The magic of today

Today, I am going to Home Depot. I am a teacher on summer break and while I love my days of relaxation, time on the trails, and floating in the lake, it’s only fair that I do my part around the house too.

Today also marks three years since I got married.

And this week is the week that I file for divorce.

I didn’t wake up three years ago, wake up, and drive to the White Rock Pier with this week in mind. I didn’t put on a white dress and cute shoes and buy a ring and pay a damn officiant with this week in mind. I didn’t have my friends and family gather from around the continent to witness my profession of love for another person knowing that this week would someday come.

But it’s the reality. And the reality is that often, good things have to fall apart so better things can fall together.

It has been a hard year and a half and the best year and a half at the same time.

It doesn’t mean that I don’t sometimes cry. And it doesn’t mean that it doesn’t still hurt. And it definitely means that I feel the tremendous conflict within myself screaming: “if it’s for the best, you cannot allow it to stay in your mind”.

I don’t know if I will ever truly be over it.

But do I have to be? Just because it is in the past doesn’t mean that it needs to be forgotten.

It has been a year and a half of doing the work. Of looking at myself hard in the mirror. Of making decisions that one would see as hard but are actually simple.

A year and a half without the person that promised to love me forever, and I am a better person for it. Exponentially better.

Imagine that.

So today is a day. Today I am going to stain the patio set that my best friend made – at which we will share many meals and laughs and tears. For the home that we have fun sharing. For the life we are building. For the love that we are continuing to grow.

And the day will end. And the week will pass. And papers will be filed and the page of that chapter will turn for the very last time. With relief, readiness, and a deep breath, I’ll be free from the old life that I once thought was great. And I will continue to grow from the things I’ve experienced and I will continue to flourish in this next chapter that I will navigate.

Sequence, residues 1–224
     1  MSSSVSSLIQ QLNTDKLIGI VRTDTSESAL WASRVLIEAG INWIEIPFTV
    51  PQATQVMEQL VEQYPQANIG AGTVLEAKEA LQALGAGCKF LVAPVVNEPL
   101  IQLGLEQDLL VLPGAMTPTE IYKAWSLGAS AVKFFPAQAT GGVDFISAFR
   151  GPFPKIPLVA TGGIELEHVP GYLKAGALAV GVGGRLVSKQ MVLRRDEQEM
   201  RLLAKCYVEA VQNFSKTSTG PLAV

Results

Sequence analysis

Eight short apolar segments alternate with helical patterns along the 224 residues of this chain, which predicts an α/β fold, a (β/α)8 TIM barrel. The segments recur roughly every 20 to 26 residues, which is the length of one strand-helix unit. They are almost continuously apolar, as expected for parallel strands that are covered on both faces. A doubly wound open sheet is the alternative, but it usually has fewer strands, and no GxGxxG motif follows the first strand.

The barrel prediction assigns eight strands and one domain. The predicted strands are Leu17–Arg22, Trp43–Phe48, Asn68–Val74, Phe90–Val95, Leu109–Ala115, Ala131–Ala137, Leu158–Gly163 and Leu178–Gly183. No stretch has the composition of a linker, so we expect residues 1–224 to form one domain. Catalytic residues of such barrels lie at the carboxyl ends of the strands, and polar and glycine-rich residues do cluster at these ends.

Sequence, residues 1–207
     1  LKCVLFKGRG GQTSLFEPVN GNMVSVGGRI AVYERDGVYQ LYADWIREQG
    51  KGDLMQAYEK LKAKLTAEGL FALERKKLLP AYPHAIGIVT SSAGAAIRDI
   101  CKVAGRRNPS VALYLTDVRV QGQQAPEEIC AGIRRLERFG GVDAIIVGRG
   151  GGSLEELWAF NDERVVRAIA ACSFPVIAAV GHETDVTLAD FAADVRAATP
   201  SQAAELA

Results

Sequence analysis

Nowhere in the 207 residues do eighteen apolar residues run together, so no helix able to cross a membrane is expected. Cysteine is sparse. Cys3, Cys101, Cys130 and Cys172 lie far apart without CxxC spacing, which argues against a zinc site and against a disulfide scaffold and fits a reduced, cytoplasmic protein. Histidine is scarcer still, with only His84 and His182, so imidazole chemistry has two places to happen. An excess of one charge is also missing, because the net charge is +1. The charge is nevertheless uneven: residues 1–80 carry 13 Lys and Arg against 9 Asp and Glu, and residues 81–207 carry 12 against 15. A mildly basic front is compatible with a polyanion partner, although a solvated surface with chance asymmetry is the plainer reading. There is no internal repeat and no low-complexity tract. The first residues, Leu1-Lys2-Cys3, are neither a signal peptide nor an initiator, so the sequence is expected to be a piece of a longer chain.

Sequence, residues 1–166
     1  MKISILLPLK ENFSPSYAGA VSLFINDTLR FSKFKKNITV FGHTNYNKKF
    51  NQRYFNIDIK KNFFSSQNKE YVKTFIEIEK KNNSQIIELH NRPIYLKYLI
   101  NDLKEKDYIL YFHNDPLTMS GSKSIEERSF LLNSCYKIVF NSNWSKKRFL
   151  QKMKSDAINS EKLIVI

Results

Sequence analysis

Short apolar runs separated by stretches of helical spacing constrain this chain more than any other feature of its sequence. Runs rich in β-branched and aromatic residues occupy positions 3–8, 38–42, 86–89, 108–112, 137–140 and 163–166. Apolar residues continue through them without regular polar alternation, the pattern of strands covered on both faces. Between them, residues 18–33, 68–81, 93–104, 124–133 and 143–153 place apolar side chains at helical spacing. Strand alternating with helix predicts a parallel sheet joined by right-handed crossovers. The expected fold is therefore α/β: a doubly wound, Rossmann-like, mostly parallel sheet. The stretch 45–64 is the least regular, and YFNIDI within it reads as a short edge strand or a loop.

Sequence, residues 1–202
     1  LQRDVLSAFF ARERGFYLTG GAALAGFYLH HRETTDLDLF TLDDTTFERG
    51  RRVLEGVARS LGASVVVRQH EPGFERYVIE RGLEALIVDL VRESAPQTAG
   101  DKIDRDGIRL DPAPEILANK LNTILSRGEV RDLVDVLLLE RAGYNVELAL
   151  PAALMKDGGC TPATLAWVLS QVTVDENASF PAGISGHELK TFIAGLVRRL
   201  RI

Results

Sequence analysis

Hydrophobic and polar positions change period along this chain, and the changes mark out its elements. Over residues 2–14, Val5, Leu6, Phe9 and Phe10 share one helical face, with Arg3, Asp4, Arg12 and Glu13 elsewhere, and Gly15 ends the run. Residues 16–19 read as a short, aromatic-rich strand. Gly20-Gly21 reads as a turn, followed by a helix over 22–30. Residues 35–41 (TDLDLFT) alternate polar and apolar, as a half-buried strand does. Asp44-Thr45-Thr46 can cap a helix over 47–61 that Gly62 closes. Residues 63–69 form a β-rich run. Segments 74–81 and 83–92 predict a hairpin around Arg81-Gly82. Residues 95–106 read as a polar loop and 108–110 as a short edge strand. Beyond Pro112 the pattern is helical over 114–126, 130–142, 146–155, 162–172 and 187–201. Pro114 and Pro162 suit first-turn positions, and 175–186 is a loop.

And I will continue to become exponentially better.


Olivia

Generous, strong-willed, silly

Partner to one, mother of none

An avid traveler, Sunday wanderer, spreading the love of life and learning to all

She tumbled hopelessly into love, overcome the excruciating agony of deflating defeat

But feared the lifelong regret in not pursuing dreams, the darkest places of her own mind, and losing the ones she loves most

Who bridged the gap between blood after loss, hurdled the high tides to chase her childhood reveries, and followed the broken compass to travel without aim

Hoped to make them proud, to well represent their name

Vancouver, Clarksville, Aubenas, Surrey – wherever the key in the door may turn

Fournier

The gong show

So today, I was an absolute gong show. Not my words, but rather the words of one of my 9th graders. “Madame, tu es un gong show”.

And I didn’t know how to react.

I’ve always known I’m a gong show. I’ve always embraced how scatterbrained I am and how my life goes 100 mph and doesn’t slow down for the speedbumps or crossing squirrels.

However, when I began my teaching program nearly two years ago, I knew that my “gong show” nature could be detrimental to my ability to succeed. It was all about trying to mask how real I was. If I have my life together in the classroom, it should all come together nicely.

Cue all the buzzers in the world here. Man, was I ever wrong.